How They Do It

The way in which some act in churches and in Para-Church Christian organizations is puzzling. Perhaps, I should say disappointing. What I’m referring to is the dominant individual who insists on getting his way, no matter what. He will come up with an idea that he believes everyone else should adopt, and will find ways and means of putting it through—even though a minority suspect that the plan isn’t biblical, and would like to take time to study it from an exegetical perspective. They rarely speak up. If one does, he is trounced with a bevy of reasons for moving ahead, without delay.

Does the proponent listen? Seldom. The idea of assuring Scriptural fidelity is brushed aside in one manner or another. “Trust me—I have studied this out and, in addition, Drs. Jones, Smith and Green are all for it.” Who can disagree with these three “greats” of the Evangelical world?

How does he get his way? He lays it out—full-blown—before the group and tells them this is what they must do. There may be a few individuals who are neither for nor against it, but would like to hear more information before they endorse it. They may or may not express this desire. But it doesn’t matter; the one proposing the plan—whether it be the construction of a building, the adoption of some ambitious program, or the backing of a scheme for furthering one of his pet projects—he will get his way. How? By virtually bludgeoning the rest into agreement.

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The Gospel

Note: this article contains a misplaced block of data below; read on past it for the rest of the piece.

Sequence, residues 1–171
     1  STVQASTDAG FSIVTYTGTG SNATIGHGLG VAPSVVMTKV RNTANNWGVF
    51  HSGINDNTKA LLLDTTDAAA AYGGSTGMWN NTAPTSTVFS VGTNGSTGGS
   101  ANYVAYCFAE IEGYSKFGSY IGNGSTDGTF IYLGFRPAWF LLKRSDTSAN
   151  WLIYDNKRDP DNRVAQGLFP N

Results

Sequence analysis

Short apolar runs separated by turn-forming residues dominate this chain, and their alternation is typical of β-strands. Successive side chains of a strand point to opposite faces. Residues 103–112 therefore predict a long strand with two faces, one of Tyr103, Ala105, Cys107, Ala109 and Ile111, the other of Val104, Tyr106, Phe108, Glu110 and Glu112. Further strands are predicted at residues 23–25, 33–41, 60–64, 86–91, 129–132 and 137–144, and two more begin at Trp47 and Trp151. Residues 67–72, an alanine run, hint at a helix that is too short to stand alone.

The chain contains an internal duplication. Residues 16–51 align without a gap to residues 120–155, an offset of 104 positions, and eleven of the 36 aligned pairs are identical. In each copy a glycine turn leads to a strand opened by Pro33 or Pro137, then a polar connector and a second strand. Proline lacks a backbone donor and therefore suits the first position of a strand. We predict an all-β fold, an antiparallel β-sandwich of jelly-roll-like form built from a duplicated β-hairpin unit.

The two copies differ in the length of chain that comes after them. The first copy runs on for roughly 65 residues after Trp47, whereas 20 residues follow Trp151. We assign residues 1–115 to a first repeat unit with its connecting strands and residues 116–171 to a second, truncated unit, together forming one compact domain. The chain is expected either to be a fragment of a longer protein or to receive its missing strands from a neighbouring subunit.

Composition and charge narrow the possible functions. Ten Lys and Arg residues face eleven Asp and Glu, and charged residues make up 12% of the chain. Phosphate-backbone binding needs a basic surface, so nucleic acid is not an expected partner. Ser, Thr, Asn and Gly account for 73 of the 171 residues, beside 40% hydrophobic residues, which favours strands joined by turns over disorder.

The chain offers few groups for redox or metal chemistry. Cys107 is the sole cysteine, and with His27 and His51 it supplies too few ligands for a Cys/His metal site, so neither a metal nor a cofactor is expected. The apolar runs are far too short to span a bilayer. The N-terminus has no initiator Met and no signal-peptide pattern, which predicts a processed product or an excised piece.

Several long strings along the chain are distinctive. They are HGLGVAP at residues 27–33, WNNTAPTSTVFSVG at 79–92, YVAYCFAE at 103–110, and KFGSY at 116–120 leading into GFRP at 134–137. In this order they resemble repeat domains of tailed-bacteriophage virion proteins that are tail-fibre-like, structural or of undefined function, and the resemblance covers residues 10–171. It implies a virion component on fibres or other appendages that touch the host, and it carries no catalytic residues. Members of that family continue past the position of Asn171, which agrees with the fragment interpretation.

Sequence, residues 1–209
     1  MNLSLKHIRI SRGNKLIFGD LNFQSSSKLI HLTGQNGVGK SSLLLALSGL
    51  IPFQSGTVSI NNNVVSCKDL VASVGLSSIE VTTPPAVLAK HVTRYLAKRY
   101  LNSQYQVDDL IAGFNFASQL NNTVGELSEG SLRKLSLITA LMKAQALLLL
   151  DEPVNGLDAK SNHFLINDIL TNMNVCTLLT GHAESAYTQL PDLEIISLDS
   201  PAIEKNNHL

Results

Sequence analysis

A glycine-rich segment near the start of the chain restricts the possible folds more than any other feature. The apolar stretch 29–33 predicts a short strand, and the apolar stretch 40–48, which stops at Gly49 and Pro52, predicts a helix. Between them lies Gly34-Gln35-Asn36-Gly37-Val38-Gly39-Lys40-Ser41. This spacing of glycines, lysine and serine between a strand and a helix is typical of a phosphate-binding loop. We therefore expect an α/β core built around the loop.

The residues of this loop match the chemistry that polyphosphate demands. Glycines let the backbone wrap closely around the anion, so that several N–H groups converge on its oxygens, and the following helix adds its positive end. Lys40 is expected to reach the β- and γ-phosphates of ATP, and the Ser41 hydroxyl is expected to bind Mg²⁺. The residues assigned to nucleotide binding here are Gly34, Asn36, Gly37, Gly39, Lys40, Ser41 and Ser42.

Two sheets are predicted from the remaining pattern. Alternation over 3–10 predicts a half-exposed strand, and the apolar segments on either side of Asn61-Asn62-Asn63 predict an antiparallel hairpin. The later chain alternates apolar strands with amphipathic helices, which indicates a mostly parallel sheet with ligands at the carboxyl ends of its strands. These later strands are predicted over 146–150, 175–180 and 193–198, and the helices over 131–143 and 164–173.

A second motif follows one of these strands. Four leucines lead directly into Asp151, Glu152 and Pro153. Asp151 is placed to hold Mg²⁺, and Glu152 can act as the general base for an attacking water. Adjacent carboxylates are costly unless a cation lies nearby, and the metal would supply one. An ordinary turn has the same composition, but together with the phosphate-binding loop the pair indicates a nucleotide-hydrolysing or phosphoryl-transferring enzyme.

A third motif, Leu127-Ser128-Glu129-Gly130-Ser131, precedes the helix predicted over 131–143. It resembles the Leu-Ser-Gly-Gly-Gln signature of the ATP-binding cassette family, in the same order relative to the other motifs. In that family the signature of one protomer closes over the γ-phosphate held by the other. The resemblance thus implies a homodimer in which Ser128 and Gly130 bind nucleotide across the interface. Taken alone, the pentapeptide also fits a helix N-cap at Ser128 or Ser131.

Say what you please, it all boils down to one thing.

“What’s that?”

The fact that some of us are tired of hearing weak, feeble presentations of the gospel that sometimes come even from those we respect in other ways.

“Such as?”

Such as ‘Take Jesus into your heart.’ Show me anything comparable to that in Scripture!

“OK. What else?”

‘Let me share Jesus with you.’ Or the bare, ‘Trust Jesus as your Savior’ and the lot. Many of them present Jesus as an add-on Who merely makes life more pleasant.

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If You Had to Choose

If you had to choose, which would it be?

“I think the other one.”

Any particular reason for that option over the other? Or it is it a matter of mere momentary preference?

“I don’t really know? Think I may be as much influenced by color as by anything else.”

Well, it’s good to know that within the fundamental principles of the Scriptures, there are options for us from which to choose. What a tragedy when, in the name of the Lord, so much power is given to another that he thinks he has right and obligation to make all the major (sometimes even minor) decisions in other peoples’ lives—who they should marry; which car to buy, etc.


There are churches like that, where if the pastor says so, no one dare to disagree with him. We operate, instead, by biblical principles; not by someone else’s absolute authority. While there are lots of decisions which might be possible (and biblically acceptable), the Bible teaches that not all are “expedient.”

Think about that for a while. You have a lot of freedom in Christ, but only so much as you harm no other believer, nor make decisions that injure your church. But each man/woman is responsible before God for thinking these things through carefully so that all the biblical principles that are appropriate are applied in making those decisions.

“Yeah. I want the yellow one.”

Greeks and Barbarians

A modern marketing technique is to target the sort of people that your church wants to reach. The young, upper middle class is a common group, for instance. Hardly hear of anyone targeting the feeble and decrepit, however (unless they’re the moneyed sort)!

Is this targeting a biblical strategy?

Consider Paul’s words,

I am a debtor both to Greeks and Barbarians, to the educated and to the ignorant.
                                                                           Romans 1:14

Sounds like if you asked him to do so, he’d go on to mention just about every other sort of person. And, as we shall see, that’s just what he did. Can’t see the apostle targeting a certain group—can you?

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A Word of Caution